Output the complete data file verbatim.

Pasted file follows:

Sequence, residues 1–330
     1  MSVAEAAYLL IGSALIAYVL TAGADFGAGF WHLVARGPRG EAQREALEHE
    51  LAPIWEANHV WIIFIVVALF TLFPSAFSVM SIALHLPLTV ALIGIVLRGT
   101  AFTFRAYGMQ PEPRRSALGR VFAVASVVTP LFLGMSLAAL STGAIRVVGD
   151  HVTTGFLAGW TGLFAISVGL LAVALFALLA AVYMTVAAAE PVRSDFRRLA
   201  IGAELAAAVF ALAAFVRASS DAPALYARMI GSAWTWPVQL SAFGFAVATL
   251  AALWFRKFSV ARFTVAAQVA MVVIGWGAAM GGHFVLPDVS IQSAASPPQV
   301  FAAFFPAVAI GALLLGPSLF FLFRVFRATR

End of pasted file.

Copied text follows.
Sequence, residues 1–330
     1  MSVAEAAYLL IGSALIAYVL TAGADFGAGF WHLVARGPRG EAQREALEHE
    51  LAPIWEANHV WIIFIVVALF TLFPSAFSVM SIALHLPLTV ALIGIVLRGT
   101  AFTFRAYGMQ PEPRRSALGR VFAVASVVTP LFLGMSLAAL STGAIRVVGD
   151  HVTTGFLAGW TGLFAISVGL LAVALFALLA AVYMTVAAAE PVRSDFRRLA
   201  IGAELAAAVF ALAAFVRASS DAPALYARMI GSAWTWPVQL SAFGFAVATL
   251  AALWFRKFSV ARFTVAAQVA MVVIGWGAAM GGHFVLPDVS IQSAASPPQV
   301  FAAFFPAVAI GALLLGPSLF FLFRVFRATR